Days after England won the Euros, grassroots women’s football clubs said they had been overwhelmed by increased demands.
However, access to football varies across the country, with some regions lacking women’s teams for all ages. Only 44% of secondary schools offer girls and boys equal access to football. In addition, travel and costs are a barrier to some girls’ access to the field.
Here, parents and those involved in youth football discuss opportunities in their area.
“There are good local teams, but schools need to improve”
Fi Star-Stone, a 47-year-old coach for a Girls Under-13 team in Stafford, says her area offers a range of opportunities for girls to play. “We’re a small town but we have multiple teams,” she says, calling the local access “great.” She says the FA have provided a lot of support, including funding the coaching course she took with her club, Stafford Town FC.
However, there is room for improvement in the schools, the coach says. “Most offer netball for girls and football for boys, which is why so many girls are looking to their local clubs to find a place to play,” Star-Stone says, adding that she “would love to see the football added to girls’ physical education curriculum”. ”. This is especially important given that after-school sports are not accessible to all girls, especially in “the current climate where anything extra is a burden. Not everyone can afford to go there or play outside of school… If it was in the program, they would all have the opportunity to play football.
“Local access is good – for girls whose parents have money”
Adele Richards, the 57-year-old treasurer of a women’s under-11 football team at Oldham, knows how limited local access can be for disadvantaged girls. “Access is pretty good for girls whose parents have money,” she says, explaining that her daughter and a local coach set up a girls’ team at a nearby primary school in 2013 to address this imbalance. . The school funded the team to play in the North Manchester Girls League and allowed them to train on school grounds.
However, the school withdrew the funding a few years ago, leaving the team to fundraise in order to practice in another location. “We got the parents together and explained to them what had happened,” says Richards. “Parents who could afford to pay do so; children who can’t, don’t, and are supported by parents who can. We cannot refuse a child. We keep our costs to an absolute minimum. We are struggling, but we are succeeding thanks to these parents who help the poorest girls and thanks to fundraising.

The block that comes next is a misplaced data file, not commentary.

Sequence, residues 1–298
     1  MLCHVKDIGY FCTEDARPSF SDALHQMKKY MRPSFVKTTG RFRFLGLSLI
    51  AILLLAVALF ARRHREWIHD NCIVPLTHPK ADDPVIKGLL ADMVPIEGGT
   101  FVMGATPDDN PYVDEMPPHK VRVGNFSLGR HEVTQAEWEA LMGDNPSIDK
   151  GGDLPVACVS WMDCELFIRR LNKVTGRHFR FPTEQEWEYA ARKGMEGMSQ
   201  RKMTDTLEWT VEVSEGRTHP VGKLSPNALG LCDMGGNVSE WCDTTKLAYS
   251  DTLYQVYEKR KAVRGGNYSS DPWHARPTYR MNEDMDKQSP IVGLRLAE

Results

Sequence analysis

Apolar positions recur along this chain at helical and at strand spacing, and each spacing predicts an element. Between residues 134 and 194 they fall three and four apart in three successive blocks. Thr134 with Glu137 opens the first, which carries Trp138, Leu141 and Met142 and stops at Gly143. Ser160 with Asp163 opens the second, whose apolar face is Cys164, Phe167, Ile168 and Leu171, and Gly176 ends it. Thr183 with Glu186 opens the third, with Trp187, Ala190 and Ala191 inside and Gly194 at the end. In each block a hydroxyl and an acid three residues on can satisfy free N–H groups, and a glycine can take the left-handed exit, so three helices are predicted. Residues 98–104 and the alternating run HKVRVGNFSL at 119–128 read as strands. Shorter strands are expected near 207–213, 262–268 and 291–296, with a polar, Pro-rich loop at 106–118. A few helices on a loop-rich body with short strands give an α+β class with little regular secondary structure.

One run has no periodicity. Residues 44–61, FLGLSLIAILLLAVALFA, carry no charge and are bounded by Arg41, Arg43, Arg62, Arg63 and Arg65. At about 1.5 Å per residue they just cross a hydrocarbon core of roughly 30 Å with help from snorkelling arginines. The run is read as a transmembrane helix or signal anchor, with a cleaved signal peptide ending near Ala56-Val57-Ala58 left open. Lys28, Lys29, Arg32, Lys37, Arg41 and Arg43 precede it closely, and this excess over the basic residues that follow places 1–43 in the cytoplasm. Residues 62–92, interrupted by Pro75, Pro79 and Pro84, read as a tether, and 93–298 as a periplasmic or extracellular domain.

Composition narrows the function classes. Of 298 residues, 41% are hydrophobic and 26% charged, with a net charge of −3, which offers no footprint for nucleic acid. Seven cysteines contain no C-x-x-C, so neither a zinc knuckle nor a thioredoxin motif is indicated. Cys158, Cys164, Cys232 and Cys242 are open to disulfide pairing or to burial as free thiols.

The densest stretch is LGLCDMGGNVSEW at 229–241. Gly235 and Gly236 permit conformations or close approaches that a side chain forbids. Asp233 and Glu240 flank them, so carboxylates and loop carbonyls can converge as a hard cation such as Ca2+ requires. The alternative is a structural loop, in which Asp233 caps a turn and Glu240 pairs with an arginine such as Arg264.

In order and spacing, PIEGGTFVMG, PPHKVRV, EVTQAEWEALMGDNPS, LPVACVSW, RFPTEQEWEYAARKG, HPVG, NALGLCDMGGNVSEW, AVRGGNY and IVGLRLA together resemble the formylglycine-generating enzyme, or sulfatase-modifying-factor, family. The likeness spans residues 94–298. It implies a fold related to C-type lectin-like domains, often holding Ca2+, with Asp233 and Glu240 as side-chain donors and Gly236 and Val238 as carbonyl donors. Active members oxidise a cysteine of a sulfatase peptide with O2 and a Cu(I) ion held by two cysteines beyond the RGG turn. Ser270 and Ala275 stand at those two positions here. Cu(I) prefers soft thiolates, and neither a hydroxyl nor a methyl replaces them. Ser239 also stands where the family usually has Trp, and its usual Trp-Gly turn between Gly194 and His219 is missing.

“My region is a bit like the hub of women’s football”
Dominic Weaver, a 50-year-old communications professional, describes St Ives, Cambridgeshire, as “a bit of a hub” for women’s football. The city has two clubs for each gender and Weaver coaches the women’s under-18 team in which his 17-year-old daughter plays. Her club, St Ives Rangers FC, have women’s teams for every age group, from under 18 onwards. -10s. “It’s a bit of a hotbed for women’s football,” he said. “There are some very good managers, and there are a few players who have come through the club and played for England at the Under-17s and Under-19s.”
Weaver says the enthusiasm of a physical education teacher at the local comprehensive school had a huge impact. “She’s looked after the girls so much – she stands by, cheers them on and offers personal support throughout their matches.”
He is eager to see how the women’s game will continue to develop, adding that he has heard from other coaches that there has been an increase in interest since the Euros. The impact of England’s victory didn’t stop on the girls: “The other day I was playing a match with some coaches. When one of the guys backheeled someone yelled, he did a [Alessia] Russo!”
“Culture must change as well as access”
Anna’s six-year-old daughter has been playing football at an after-school club in North London for almost a year but nearly gave up a few months ago as she was the only girl in her mixed team.
The 38-year-old speaker says her daughter came home one day upset because a boy from her team aged five and six made a comment about “girls aren’t as good at football”. “It wasn’t malicious,” Anna said. “But it shows the culture he absorbed.”
Anna and her husband convinced their daughter to continue and had a word with the club organizers, which she described as “fantastic”. “She came home a few weeks later and said she was the better player – she’s more confident now and she likes it. There are at least two more girls in the squad now,” says- her, adding that her daughter “loved watching the Lionesses.”
She believes the team’s win will have a real impact on football culture: “Would that boy say the girls aren’t as good now that he’s seen the win?